Struggling with baby name regret? Here's advice on how to change your baby's name, the best time to do it, and how to announce the new name.
Recently, a reader wrote to Parents with an interesting dilemma:
I know this will sound like an odd problem, but my husband and I regret the name we gave our daughter. We had a hard time deciding, and my mother-in-law warned me it would be super difficult to deal with all of her birth documents later if we left the hospital without a name. Our little girl is six months old now and we've taken to calling her another name entirely. Is it too weird or late to officially change it? And how would I tell people—do I make her a new birth announcement?
There's no parenting commandment that says thou shalt not change a baby's name once a birth announcement is released—your baby, your rules! In fact, this parent is nowhere near alone in feeling this way: "Baby name remorse is such a commonplace thing," Linda Rosenkrantz, co-founder of popular name site Nameberry explains, "As many as 10 percent of all parents have some regret about their choice because there's so much pressure nowadays for us to choose the perfect name—it's not unusual at all."
While most people who have baby name regrets don't go as far as to change the name officially—often settling for calling the child by a nickname instead—others decide they just don't want to live with their original choice.
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Carrie Kessler, a mom in Los Angeles, recently opened up about her struggle with the baby name she chose. "I have a friend in the U.K. named Ottilie and it's beautiful, and ever since I heard that name I've wanted to use it," Kessler told TODAY. Once her daughter was born—despite having last minute concerns about the name and even brainstorming alternatives in their hospital room—they settled on their original choice, Ottilie (pronounced like Natalie, but with Ott instead of Nat).
When it seemed everyone she encountered had trouble pronouncing it and her grandmother, bless her heart, admitted she had a hard time remembering it (yikes), they knew they were in trouble. After three months of turmoil, she finally talked to her husband about her concerns—and to her surprise he agreed with changing the name. They ultimately decided to legally change their daughter's name to Margot—and they have zero regrets.
So of course, if the name you originally choose for your child doesn't fit—for whatever reason—you can absolutely change it, but do so as soon as possible. "Up to 7 months to a year, children don't really identify with their names yet because of all the nicknames parents usually use, like sweetie and honey," says Rosenkrantz. "The legal name doesn't really register as their identity until after that." So you're in the clear and won't be doing any kind of permanent damage that could come out oh-so-dramatically in a journal entry in your daughter's teen years (ha). If anything, she'll have the most interesting answer to the ice breaker that's used at every team building exercise that's existed in the history of ever, "Name one thing about you that no one else knows." Her original name!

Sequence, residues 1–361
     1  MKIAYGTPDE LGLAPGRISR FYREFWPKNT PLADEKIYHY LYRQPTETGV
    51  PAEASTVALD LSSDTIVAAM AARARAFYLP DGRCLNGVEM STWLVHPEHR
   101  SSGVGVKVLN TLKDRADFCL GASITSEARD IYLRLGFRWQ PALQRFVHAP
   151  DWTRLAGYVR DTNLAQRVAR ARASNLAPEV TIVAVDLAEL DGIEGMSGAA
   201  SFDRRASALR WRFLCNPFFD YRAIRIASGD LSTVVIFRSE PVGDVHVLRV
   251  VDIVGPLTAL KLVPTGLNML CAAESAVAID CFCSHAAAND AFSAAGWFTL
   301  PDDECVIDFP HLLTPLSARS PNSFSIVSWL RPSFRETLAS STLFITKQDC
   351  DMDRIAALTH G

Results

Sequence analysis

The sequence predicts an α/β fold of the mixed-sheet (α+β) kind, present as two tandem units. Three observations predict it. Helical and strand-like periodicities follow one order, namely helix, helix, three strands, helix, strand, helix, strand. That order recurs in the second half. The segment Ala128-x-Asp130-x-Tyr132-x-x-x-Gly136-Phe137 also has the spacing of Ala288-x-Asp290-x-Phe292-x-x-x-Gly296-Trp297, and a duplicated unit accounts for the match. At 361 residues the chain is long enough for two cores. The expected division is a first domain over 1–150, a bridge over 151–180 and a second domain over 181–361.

If you're still debating whether to stick with a nickname or make it official, go with the latter—especially if both you and your partner agree you have no intention of using her original name in the future. Not only will it will be easier for your child in the long run, but once the paperwork is done and you have her new social security card in hand, your name remorse will be cured (huzzah!) and the "baby formerly known as [insert OG name here]" will forevermore go by the moniker you think suits her best.
Baby Names: Avoid Baby Naming Regret
The good news is that the process to legally change a baby's name can be easier than you might expect, although each state's requirements differ by county. For many states, parents are given up to 6 or 12 months to make the change without a court order—because, YES, it's that common! Depending on where you live, you just take the birth certificate to the Vital Records Office in the city or county where your child was born, fill out a few forms and voila! Other states require a court order, public notice and more. You can contact your local health department to find out what they need where you live. Once you have your new birth certificate, be sure to notify the Social Security Administration by either visiting their office or downloading the form from their website.
As for a formal birth announcement, it's not necessary. Your friends will follow your lead (if they haven't already) once you let them know. But a clever, tongue-in-cheek email announcement might be a fun way to share the news with friends and family. Bonus points if you quote Eminem's "My Name Is" lyrics in the subject line. *wink*